Review of Florida Studio Theatre’s presentation of Mark Nadler’s one-man production of “I’m a Stranger Here Myself”; part of the FST’s Stage III program

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By: Carol Erickson
March 20, 2015

The show is a journey that is both broadly historical and profoundly personal for Mr. Nadler. Nadler examines the lives of artists and ordinary citizens caught up in one of the most intriguing periods of the 20th century…the Weimar Era (the first democratically elected government in German history). This lasted from the end of World War I until Hitler’s rise to power. Nadler explores what the people of this era so courageously achieved, not only as talented artists, but also as survivors. The show is done in a European cabaret style with compelling projections, vintage photographs, film clips and more, all to testify the life during this time and as it continued for the lucky ones that got out of Hitler’s Germany in time. Although these are hard, dark subjects, Nadler’s comedic tone and thunderous piano playing keeps this story entertaining and captivating.

His performance is emotionally riveting and it is clear that he has the passion and knowledge to perform this masterful tribute. He is accompanied by Melissa Elledge as the accordionist and Vena Johnson on Violin.

Nadler was born and raised in the Midwest and took an interest in Broadway musicals at the tender age of 10. He is a master of storytelling and this is a story you don’t want to miss.

This is a limited engagement that runs only through March 29th. For more information and availability, contact the Florida Studio Theatre, 1241 Palm Avenue 941 366-9000.

In conjunction with this production, Florida Studio Theatre and The Jewish Federation present the panel discussion “Dangerous Worlds”. This discussion will be held on April 2nd at 5 p.m. in the Keating Theatre. This discussion is free to the public, but reservations are required. 941 366-9000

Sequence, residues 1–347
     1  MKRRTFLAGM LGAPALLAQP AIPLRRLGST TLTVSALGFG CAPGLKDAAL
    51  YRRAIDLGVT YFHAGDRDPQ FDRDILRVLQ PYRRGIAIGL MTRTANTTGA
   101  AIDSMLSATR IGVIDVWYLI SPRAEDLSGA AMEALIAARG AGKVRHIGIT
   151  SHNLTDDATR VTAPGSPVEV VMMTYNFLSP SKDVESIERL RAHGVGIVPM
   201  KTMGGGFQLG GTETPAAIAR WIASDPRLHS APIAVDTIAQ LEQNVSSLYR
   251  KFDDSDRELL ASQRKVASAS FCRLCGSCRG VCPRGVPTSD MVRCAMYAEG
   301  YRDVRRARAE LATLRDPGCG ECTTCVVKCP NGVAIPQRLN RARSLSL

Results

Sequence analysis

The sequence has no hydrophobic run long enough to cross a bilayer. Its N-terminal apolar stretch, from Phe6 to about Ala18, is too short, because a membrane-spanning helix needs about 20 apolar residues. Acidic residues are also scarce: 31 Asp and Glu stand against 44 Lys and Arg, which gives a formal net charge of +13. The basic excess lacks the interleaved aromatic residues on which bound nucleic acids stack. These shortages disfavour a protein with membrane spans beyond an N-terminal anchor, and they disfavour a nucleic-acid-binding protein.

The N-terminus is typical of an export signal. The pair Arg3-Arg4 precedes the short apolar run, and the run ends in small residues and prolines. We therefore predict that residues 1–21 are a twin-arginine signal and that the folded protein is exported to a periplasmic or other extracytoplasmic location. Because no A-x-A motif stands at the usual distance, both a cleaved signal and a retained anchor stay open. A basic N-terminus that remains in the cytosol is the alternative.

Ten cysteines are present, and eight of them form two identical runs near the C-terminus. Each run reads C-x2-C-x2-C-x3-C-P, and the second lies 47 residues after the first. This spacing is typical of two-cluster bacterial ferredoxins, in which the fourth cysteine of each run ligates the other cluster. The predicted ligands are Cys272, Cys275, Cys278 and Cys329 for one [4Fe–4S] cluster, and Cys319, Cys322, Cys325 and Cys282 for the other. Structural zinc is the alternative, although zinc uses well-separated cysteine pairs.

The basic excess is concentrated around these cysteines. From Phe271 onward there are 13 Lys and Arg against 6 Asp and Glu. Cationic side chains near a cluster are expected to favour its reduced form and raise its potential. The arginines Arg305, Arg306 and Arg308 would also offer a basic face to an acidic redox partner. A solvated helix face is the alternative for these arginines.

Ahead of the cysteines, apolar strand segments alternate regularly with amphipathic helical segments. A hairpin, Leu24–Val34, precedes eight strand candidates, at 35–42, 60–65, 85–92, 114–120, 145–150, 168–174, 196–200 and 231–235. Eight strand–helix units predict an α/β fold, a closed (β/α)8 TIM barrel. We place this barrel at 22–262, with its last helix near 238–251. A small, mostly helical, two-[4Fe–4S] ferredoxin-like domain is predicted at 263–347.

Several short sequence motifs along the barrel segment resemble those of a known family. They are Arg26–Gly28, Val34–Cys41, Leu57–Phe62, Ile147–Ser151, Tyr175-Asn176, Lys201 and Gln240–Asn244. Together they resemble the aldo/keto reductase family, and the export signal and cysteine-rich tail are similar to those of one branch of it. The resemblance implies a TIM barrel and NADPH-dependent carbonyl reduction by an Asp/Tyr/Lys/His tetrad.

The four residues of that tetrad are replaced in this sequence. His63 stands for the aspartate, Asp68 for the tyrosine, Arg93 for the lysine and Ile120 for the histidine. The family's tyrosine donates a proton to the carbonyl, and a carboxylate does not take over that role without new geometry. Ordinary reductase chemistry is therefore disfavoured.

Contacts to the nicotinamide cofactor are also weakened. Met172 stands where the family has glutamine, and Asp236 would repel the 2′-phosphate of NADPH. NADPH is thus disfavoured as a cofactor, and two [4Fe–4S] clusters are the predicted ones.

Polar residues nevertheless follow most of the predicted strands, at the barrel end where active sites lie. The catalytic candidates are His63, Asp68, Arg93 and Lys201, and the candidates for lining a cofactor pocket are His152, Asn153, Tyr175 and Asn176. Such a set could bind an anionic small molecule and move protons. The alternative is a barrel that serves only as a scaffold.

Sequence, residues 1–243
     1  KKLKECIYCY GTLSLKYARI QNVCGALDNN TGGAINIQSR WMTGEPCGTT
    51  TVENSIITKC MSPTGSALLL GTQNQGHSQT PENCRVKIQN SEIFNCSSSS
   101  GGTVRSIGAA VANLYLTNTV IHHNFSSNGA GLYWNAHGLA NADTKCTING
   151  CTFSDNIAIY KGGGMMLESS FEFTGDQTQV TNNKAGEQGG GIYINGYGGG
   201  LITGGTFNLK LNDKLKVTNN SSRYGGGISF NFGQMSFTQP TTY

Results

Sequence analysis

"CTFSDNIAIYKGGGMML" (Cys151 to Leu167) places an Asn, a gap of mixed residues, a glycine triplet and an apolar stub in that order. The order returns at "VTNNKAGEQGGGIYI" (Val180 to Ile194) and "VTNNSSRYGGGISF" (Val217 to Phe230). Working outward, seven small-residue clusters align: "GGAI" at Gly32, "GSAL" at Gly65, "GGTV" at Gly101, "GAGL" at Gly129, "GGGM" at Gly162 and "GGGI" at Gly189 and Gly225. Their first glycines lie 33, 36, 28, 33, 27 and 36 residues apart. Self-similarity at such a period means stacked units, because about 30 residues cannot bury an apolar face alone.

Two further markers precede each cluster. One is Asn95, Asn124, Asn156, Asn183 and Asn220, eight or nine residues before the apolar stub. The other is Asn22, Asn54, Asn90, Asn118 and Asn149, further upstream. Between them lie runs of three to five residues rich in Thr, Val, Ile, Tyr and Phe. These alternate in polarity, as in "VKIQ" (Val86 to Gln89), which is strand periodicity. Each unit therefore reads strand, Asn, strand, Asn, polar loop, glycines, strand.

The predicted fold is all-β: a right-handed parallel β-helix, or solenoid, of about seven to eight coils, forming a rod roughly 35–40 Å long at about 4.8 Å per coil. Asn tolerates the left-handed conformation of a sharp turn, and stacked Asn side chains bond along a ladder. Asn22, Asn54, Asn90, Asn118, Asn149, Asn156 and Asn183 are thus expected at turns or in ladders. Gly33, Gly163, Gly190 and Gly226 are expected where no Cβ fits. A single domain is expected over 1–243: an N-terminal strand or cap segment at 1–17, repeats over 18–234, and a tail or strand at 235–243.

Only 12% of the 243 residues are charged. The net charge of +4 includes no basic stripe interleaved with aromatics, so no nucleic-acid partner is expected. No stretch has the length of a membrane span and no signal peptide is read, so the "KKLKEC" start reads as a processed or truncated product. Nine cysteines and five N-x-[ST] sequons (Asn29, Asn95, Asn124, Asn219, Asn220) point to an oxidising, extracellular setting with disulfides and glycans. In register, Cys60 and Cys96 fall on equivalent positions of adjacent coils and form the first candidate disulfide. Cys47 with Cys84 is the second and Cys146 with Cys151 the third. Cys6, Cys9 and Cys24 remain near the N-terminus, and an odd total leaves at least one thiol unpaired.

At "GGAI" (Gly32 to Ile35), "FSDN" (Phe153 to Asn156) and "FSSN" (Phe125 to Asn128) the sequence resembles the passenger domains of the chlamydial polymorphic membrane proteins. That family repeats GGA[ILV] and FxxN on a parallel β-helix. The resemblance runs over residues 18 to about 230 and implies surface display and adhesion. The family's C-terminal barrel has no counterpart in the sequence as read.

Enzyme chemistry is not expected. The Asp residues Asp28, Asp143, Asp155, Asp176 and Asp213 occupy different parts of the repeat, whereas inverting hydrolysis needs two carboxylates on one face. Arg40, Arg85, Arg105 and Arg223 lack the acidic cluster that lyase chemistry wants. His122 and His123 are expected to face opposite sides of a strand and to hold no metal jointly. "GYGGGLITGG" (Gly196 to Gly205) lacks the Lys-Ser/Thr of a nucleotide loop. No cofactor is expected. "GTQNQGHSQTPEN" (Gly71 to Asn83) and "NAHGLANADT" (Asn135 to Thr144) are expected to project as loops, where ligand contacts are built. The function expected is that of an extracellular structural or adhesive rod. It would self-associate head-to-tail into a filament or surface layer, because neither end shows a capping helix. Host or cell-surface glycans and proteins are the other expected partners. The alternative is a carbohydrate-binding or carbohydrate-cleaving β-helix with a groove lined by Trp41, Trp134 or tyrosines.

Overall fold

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(Florida Studio Theatre Press Release)

(Sarasota, FL) — Florida Studio Theatre welcomes Mark Nadler to the Keating stage with his production of I’m A Stranger Here Myself, as part of FST’s Stage III program. It will have a limited engagement beginning March 17, 2015 in the Keating Theatre. Tickets range from $32 to $34. Tickets are on sale and may be purchased from the FST Box Office in person, by calling (941) 366-9000, or online at www.FloridaStudioTheatre.org.
In this musical, cabaret-style show, I’m A Stranger Here Myself, internationally acclaimed cabaret entertainer Mark Nadler explores the depths of the European Expatriate experience. Nadler examines the lives of German and French songwriters who composed during the years of the Weimar Republic. Nadler also takes a closer look at the lives of ordinary German citizens caught up in the most intriguing and emotionally charged period of the Twentieth Century.
Nadler’s production delves deep into the heart of Weimar Germany. Nadler speaks to the inspiration behind this very personal show. “It’s been so interesting performing this show. I originally thought it would appeal only to Jewish and gay people, because those are the people from the Weimar Republic whose stories I focus on in the show. Most of the artists and great thinkers of the Weimar Republic were either Jewish or gay or both. Then, of course, when Hitler came to power, these two groups were all but wiped out in Germany. But there were survivors and there were people who escaped and it’s these stories that I tell in I’m a Stranger Here Myself. Many of the people who fled to other countries ended up becoming the cultural linchpins of those countries. They became Germany’s greatest export. So, as Ira Gershwin put it, ‘Who’s got the last laugh now.’”